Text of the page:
How France saved their Six Nations hopes and denied Wales a Grand Slam will have big rugby thinkers poring over their videos for days and weeks – but the myth that red cards ruin the games is officially broken.
Pieces of analysis will study the sending of Paul Willemse in the 67th minute; the two yellows from Wales who scored 14v13; the penalty test was not given; the Welsh score that could be retained; the three times that France crossed the tryline but was told that the ball did not touch the grass.
The list of small, big moments is almost as long as the game itself – the last five minutes alone, a life of postgraduate rugby analysis study.
For Gael Fickou, the catalyst was Willemse’s card, denying France what at the time looked like a crucial score when it was 10 points. “The red card has re-mobilized us,” he said. “We never give up, we are not cheaters… Our state of mind was remarkable tonight. We gave ourselves the chance to go get something next week [against Scotland]. »
Captain Charles Ollivon also believes Les Bleus have taken on something crucial at a time when previous French teams have reportedly collapsed. “When we took that red card that we had just scored, it was psychologically difficult,” he said. “But as we repeated in the locker room, we must not overplay. We stayed cool. We were heroic.
Fabien Galthie, meanwhile, couldn’t resist a post-match search of the incident. “If you look at him, there’s clearly no contact, or if there is, it’s very limited. If you really look at the reaction from the Welsh players. They specialize in having opponents get red cards. It was an outrageous comment from a coach who had just seen the nerves he usually saw shredded over 80 of the most intense international rugby minutes of his tenure.
Ignore the unnecessary hit on the Welsh dragon. Fikou and Ollivon are right. France – now back in third place in the World Rugby rankings – were second best until then, and Wales were pulling away. After that, visitors fought just to hang on as France retaliated.
France had been dangerous in attack – like everyone else in tournament, but they lacked the defensive aggression to which we have become accustomed. It is as if they decide to take back the defense of Shaun Edwards, mandated by 11, so that they have something left at the end of the match if they have to do in Wales what England had done to them. week before.
When it comes to game plans, if that’s what it is, it’s risky. And what Edwards can think of it is a mystery. Wrapped in his official France Merch parka, he was almost catatonic in the stands – even when his colleagues were on their feet, raging against Olivon’s late-game decision to reset another scrum as the seconds ticked by and the an improbable return seemed more and more impossible. But it worked. This time, anyway.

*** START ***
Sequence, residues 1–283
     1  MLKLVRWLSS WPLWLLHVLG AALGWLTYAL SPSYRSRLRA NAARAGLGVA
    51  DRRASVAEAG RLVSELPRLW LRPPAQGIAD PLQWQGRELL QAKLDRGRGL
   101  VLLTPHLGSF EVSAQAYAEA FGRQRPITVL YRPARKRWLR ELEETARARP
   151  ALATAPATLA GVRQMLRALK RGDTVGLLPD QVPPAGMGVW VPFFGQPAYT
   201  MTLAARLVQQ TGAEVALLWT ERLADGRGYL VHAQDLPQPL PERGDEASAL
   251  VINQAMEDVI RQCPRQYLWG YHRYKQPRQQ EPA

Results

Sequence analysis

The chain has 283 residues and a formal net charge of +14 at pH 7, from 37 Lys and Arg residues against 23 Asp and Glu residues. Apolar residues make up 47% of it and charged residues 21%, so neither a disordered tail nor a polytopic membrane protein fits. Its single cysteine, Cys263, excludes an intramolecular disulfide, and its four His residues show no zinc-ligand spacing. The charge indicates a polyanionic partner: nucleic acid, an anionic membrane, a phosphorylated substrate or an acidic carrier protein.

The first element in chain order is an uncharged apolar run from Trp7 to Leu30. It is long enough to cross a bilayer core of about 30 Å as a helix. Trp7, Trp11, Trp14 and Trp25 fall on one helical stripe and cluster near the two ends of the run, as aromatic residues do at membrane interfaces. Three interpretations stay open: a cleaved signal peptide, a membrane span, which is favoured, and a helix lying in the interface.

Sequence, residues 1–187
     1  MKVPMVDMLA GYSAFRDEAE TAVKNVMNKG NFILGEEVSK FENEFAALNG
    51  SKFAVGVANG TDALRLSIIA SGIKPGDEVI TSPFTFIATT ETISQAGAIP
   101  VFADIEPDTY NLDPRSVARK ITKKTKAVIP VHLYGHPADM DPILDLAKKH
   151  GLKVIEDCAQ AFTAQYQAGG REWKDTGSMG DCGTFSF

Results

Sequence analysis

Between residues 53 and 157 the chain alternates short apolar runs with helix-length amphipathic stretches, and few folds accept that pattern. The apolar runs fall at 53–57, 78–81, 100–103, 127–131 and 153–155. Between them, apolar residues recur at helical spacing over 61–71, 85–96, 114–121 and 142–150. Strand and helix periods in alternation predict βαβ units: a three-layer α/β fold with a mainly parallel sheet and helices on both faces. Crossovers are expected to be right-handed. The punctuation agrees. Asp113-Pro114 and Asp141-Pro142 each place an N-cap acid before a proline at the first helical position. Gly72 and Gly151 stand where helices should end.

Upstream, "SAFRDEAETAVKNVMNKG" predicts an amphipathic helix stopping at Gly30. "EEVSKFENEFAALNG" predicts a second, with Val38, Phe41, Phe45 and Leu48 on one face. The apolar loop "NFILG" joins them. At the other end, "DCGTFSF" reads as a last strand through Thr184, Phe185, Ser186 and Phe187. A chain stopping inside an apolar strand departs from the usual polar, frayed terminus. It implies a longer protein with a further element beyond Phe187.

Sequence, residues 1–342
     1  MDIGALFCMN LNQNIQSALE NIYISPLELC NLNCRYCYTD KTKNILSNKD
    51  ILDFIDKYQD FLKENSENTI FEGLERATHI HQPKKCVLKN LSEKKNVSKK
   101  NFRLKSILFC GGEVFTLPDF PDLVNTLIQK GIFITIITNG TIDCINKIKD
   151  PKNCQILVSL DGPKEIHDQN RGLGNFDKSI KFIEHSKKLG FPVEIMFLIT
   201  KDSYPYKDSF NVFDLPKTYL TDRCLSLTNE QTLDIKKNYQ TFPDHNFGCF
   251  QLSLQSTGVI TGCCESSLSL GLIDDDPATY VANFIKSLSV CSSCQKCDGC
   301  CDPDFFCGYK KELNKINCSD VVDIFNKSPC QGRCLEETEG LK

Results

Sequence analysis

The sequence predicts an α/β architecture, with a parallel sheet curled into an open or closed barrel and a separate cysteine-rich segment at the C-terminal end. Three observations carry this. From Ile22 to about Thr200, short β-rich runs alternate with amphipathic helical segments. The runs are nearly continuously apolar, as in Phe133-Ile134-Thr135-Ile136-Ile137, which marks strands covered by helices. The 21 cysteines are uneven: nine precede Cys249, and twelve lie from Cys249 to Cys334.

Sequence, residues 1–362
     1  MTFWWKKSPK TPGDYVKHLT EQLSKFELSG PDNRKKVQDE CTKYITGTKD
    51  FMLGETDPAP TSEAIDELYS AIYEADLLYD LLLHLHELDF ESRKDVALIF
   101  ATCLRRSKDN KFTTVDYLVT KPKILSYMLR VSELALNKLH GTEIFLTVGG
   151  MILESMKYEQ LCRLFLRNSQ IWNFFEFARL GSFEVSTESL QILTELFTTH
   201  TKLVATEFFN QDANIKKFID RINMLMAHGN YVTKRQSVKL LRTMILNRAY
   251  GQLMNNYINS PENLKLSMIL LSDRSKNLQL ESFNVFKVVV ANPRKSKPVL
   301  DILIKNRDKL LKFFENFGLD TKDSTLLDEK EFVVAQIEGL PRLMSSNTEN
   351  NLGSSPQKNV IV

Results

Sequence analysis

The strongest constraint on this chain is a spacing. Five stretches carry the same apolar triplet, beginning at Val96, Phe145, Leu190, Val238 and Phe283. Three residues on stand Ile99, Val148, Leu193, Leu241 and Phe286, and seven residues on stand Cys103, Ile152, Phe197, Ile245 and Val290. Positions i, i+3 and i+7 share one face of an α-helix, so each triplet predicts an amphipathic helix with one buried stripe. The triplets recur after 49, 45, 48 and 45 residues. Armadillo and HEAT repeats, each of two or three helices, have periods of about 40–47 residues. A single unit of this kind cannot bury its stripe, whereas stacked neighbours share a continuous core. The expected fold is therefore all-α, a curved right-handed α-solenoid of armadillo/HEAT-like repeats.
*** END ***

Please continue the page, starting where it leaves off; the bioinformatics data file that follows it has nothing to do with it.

Ollivon, it turned out, was right to reset once again, despite the opinions of his coaches. He’s blitzed from the scrum – and the 20-30 scorecard rose to 27-30 as Romain Ntamack, on the stand, added the conversion.
Wales still had their win, however. They gave long kicks and forced France to attack deep – and when Uini Atonio struck, the Slam was theirs. But, securing the ball for the glory touch kick, Cory Hill was penalized for buckling.
France had its chance. Last week, out of breath, their latest attack was repelled by England. On Saturday they had enough in the bank – with the clock in the red – to play 11 phases in one minute and 40 seconds to set up what, in print, reads like the simplest of overlapping endings, perfectly executed as first Fickou then Arthur. Vincent corrected their defenders to give a point to Brice Dulin, player of the match.
But it worked because at that time, in that place, France had the cool head that Ollivon was referring to. Fickou, Vincent and Dulin – and everyone who touched the ball in that 100-second block – were lucid enough to win.
All that’s left in this Six Nations is Covid’s postponed match against Scotland on Friday. Ollivon is not an arrogant captain, which makes his final words clearly spoken on the subject a little threatening.
“We have six days left together and a trophy to collect. It is important to savor this evening but the passage will be very easy.
“We are already thinking about Friday and everyone is already going in the same direction.”